• FinTechs need to prioritise regulatory compliance and the management of cyber risks.
  • Ensuring a high degree of interoperability among startups is key to ensure a coordinated response to market demand and changing attitudes.
  • For a healthy and sustainable business ecosystem, FinTechs need to bridge the digital divide and promote equitable, broad-based customer participation across urban and rural areas and the various producing and consuming sectors.



News in Brief: Prelims Special


Omicron Variant

  • The new omicron variant has been declared as a variant of concern by the WHO and was detected first in South Africa.
  • It is a globally dominant delta plus and the most troubling COVID-19 variant.
  • Consists of high mutation capacity and rate.
  • The name omicron has been derived from the Greek alphabet to prevent the stigma attached to the country that detected it. This was decided by the World Health Organisation.
  • The new variant is alleged to reduce the efficiency of vaccines and other treatments along with diagnostic detection failure.


World AIDS Day

  • World AIDS Day celebration was organised on the 1st of December 2021 by the National AIDS Control Organization (NACO) which emphasized important aspects of the global theme for 2021 which is “End inequalities. End AIDS”.
  • Day is celebrated to tackle the deadly HIV (Human Immunodeficiency Virus) and spread awareness and prevent discrimination against those who suffer from this detrimental disease.
  • This day, in history, was celebrated as the first health day in the year 1988.


Cyclone Jawad

  • The cyclone is named Jawad by Saudi Arabia and it means generous or merciful.
  • India, Bangladesh, Myanmar, Pakistan, Maldives, Oman, Sri Lanka and Thailand decide the names of cyclones in the region.
  • The countries submit a list of cyclone names from time to time to choose the names from the pool.
  • While selecting names for cyclones, countries first analyse them to see if the word is easily understood by people in the region, hence the names are generally familiar words.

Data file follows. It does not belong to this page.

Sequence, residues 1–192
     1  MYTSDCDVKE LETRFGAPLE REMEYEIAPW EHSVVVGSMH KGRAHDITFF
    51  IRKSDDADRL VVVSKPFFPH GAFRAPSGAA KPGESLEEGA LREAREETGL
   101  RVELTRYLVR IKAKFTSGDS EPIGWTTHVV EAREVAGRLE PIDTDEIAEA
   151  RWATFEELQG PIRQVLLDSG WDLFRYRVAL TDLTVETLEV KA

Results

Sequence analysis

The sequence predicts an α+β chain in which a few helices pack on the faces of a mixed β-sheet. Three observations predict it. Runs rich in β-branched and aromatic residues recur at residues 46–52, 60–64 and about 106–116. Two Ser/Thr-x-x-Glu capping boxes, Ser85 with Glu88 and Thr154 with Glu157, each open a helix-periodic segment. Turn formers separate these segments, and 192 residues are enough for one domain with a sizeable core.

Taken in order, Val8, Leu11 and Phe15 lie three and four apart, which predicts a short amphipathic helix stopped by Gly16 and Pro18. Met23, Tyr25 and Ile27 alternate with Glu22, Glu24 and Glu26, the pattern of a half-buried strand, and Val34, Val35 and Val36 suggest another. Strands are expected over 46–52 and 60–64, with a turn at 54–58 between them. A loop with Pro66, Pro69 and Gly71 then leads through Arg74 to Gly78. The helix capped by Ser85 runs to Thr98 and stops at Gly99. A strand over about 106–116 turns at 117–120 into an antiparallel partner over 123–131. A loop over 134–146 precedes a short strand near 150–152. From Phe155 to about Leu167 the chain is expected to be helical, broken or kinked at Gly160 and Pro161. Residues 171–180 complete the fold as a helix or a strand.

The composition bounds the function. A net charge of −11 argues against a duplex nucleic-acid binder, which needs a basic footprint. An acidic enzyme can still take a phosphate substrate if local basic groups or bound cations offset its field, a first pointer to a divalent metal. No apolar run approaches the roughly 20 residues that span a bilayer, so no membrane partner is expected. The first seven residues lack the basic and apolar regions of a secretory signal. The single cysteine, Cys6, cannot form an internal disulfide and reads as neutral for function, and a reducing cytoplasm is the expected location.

Dam Safety Bill

  • Rajya Sabha passed the landmark dam safety bill which was ratified by Lok Sabha in 2019.
  • Within the ambit of the Dam Safety Bill, a National Committee on Dam Safety will be created to facilitate the dam safety policies, protocols and procedures.
  • A regulatory body, National Dam Safety Authority, will be constituted for the holistic implementation and monitoring of dam safety protocols and standards.
  • At the state level, the regulatory functions would be operated by State Committees on Dam Safety and State Dam Safety Organisation.
  • The interrelationship between dam safety and climate change has been acknowledged by the bill and it provides for regular inspection and hazard classification of dams.
  • Emergency action plans and comprehensive dam safety reviews will be carried out by expert intervention.
  • It also provides for a flood warning system to protect the inhabitants from calamities.
  • In order to follow compliance, there is a penalty imposed on the dam owners for poor maintenance of the dams.


Hornbill Festival

  • The Hornbill Festival is a reflection of the rich culture, lifestyle and food habits of Nagaland and it is the largest festival of the warrior tribes of Nagaland wherein the celebration continues for 10 days.
  • The festival derives its name from the bird hornbill (also called Dhanesh bird) which occupies an important place in the culture and historic tales of Naga tribes.
  • This festival is celebrated every December in Nagaland and North-East India.


International Day of Persons With Disabilities

  • Every year since 1992, the International Day of Persons with Disabilities (IDPD) has been annually observed around the world on December 3.
  • The theme for the year 2021 is – Leadership and participation of persons with disabilities toward an inclusive, accessible and sustainable post-COVID-19 world.


Navy Day

  • In order to recognise the relentless commitment of the Indian Navy and extend warm greetings to the courageous personnel, every 4th day of December is celebrated as Navy Day.
  • This day stands with enormous significance as it witnessed India’s victory during Operation Trident in 1971.


President’s Standard

  • The 22nd Missile Vessel Squadron, also known as the Killer Squadron, will be awarded the President’s Standard.
  • The President’s Standard is the highest honour bestowed by the Supreme Commander to a military unit in recognition of the service rendered to the nation.
  • It is the same honour as the President’s Colours, awarded to a relatively smaller military unit.